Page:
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Responses of cowpea genotypes to indigenous rock phosphate application
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Cowpea [Vigna unguiculata (L.) Walp.] plays an important role in the livelihoods of the people of sub-Saharan Africa, but phosphorus (P) deficiency in soils is a serious problem that contributes to low productivity. This study was conducted to verify the efficiency of indigenous rock phosphate (RP) as a P source to promote this affordable method of soil management to farmers. Pot experiments were conducted to identify good responder genotypes to RP application and its effect in cowpea cultivation using low-P soil from Fashola village in southwestern Nigeria and Togolese RP (34% P2O5). Shoot dry weight (SDW) at 8 wk after seeding (WAS) was significantly correlated with P uptake (r = 0.817; P < 0.01) and was therefore used as an indicator to select good responder genotypes. Sixteen of the 28 tested genotypes showed a low rate of decrease of SDW at 8 WAS under Togolese RP applications of 171 mg P kg–1 compared with 30 mg P kg–1 (as KH2PO4). Seven of these genotypes (Iron bean, IT87D-941–1, IT97K-499–38, DanIla, IT95K-1543, IT97K-556–4, and IT90K-284–2) showed a significantly higher SDW at 8 WAS compared with IT97K-499–35. In four of the seven good responders, the SDWs at 8 WAS were significantly higher and grain yield tended to be higher with ≥57 mg P kg–1 compared with zero application. Under field conditions, the micro-dosing technic is recommended for applying RP to avoid loss and to enhance the availability of P for cowpea cultivation.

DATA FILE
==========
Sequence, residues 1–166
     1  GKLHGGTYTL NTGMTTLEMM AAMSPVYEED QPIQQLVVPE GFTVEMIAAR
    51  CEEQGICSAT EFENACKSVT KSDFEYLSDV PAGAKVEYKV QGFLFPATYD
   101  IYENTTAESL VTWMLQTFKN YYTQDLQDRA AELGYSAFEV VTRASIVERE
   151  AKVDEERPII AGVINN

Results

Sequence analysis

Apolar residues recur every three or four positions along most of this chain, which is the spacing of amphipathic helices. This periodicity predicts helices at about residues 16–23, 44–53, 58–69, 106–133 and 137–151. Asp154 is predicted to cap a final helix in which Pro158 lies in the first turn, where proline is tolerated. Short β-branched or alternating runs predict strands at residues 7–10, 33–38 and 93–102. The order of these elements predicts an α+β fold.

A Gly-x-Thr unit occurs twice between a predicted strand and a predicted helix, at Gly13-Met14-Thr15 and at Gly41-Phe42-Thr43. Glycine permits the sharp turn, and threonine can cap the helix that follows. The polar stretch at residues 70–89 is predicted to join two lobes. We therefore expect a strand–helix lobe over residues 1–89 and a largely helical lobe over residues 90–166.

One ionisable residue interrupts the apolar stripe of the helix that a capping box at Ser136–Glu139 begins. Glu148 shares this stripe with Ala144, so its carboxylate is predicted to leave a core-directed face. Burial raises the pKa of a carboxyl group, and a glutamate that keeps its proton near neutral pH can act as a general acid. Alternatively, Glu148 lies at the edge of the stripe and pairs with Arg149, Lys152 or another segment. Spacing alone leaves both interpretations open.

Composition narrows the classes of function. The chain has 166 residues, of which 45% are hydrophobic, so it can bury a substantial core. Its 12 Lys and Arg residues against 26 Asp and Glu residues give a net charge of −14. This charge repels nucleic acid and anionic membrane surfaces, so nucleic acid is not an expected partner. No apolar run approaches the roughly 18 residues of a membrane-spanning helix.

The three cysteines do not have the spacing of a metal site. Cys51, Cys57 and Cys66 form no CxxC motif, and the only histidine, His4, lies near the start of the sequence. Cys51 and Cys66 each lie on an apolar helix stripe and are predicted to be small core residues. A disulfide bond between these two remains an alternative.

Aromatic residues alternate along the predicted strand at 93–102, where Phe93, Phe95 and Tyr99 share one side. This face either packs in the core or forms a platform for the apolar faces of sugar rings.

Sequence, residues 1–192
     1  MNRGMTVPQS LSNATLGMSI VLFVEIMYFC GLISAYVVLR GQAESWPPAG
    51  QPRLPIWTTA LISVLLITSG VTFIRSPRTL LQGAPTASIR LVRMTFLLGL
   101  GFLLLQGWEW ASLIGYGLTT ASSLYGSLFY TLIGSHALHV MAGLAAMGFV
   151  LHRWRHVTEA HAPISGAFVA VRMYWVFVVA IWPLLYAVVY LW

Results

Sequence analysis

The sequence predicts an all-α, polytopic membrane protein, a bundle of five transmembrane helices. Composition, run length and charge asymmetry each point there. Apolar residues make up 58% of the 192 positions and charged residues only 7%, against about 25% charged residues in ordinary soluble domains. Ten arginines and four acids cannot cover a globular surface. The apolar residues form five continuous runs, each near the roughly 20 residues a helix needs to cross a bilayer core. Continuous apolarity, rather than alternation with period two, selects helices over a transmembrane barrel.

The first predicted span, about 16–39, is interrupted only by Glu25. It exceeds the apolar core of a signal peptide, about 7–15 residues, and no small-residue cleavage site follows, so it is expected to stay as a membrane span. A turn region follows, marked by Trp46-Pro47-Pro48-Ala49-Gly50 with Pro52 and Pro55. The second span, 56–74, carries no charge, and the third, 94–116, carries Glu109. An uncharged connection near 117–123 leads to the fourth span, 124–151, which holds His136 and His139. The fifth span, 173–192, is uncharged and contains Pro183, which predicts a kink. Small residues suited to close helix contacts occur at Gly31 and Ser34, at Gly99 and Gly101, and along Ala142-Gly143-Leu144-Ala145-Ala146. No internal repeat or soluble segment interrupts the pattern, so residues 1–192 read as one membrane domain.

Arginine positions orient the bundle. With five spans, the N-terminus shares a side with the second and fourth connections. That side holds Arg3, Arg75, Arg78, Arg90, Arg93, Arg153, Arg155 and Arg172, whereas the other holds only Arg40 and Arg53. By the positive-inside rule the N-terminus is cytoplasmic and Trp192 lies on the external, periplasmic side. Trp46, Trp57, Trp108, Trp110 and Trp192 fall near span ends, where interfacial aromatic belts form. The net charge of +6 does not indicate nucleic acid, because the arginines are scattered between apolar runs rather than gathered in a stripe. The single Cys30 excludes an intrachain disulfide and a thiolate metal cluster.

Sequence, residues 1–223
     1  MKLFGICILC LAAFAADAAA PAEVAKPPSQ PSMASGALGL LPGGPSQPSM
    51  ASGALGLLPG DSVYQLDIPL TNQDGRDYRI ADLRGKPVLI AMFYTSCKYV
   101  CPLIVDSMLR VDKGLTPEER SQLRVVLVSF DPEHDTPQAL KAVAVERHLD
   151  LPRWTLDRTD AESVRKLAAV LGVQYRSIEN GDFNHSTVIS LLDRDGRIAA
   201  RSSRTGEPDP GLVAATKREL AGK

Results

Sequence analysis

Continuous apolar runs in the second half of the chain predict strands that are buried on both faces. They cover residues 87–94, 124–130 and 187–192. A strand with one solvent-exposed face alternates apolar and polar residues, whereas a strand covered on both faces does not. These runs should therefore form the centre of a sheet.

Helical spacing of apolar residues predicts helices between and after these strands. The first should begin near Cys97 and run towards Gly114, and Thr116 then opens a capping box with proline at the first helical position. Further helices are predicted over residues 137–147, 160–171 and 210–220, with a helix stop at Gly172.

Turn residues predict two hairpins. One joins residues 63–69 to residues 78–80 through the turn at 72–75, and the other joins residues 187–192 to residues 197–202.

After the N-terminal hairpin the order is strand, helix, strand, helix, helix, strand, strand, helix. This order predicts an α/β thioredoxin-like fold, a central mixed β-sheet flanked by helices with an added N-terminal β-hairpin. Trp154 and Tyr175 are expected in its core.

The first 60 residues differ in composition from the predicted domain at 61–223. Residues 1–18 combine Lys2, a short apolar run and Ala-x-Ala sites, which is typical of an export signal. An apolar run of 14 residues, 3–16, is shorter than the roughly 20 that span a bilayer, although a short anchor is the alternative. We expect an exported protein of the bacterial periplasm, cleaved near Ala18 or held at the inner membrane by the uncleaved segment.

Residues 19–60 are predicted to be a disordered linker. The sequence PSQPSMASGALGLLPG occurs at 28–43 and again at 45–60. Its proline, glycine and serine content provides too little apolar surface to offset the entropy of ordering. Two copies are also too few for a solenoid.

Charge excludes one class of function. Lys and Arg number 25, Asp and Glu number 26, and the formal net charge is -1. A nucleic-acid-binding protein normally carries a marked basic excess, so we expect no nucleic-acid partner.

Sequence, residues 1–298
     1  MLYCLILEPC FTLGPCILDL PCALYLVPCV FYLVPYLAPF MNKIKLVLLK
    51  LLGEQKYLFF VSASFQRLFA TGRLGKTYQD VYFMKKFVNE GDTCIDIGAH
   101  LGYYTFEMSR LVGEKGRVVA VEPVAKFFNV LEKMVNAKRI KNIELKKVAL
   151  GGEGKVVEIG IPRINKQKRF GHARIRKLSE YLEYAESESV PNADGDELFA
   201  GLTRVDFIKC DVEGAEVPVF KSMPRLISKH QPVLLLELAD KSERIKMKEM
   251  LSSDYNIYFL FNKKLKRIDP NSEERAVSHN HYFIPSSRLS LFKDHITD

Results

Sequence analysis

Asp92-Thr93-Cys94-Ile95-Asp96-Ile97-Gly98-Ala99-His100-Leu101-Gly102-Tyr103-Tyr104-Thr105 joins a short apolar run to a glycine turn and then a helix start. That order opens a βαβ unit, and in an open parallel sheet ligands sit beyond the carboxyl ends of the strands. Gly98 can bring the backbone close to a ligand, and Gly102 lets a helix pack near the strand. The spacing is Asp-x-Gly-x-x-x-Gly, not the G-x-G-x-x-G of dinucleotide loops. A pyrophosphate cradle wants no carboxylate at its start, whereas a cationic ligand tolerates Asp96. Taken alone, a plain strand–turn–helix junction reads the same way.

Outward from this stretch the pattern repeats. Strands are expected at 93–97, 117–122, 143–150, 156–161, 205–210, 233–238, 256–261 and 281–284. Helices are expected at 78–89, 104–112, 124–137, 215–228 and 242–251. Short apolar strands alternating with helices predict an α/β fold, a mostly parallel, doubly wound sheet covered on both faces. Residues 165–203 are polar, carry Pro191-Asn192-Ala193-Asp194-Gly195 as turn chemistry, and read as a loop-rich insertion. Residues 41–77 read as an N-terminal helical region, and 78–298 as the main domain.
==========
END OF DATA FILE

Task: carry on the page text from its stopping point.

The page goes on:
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Permanent link to this itemhttps://hdl.handle.net/20.500.12478/4322
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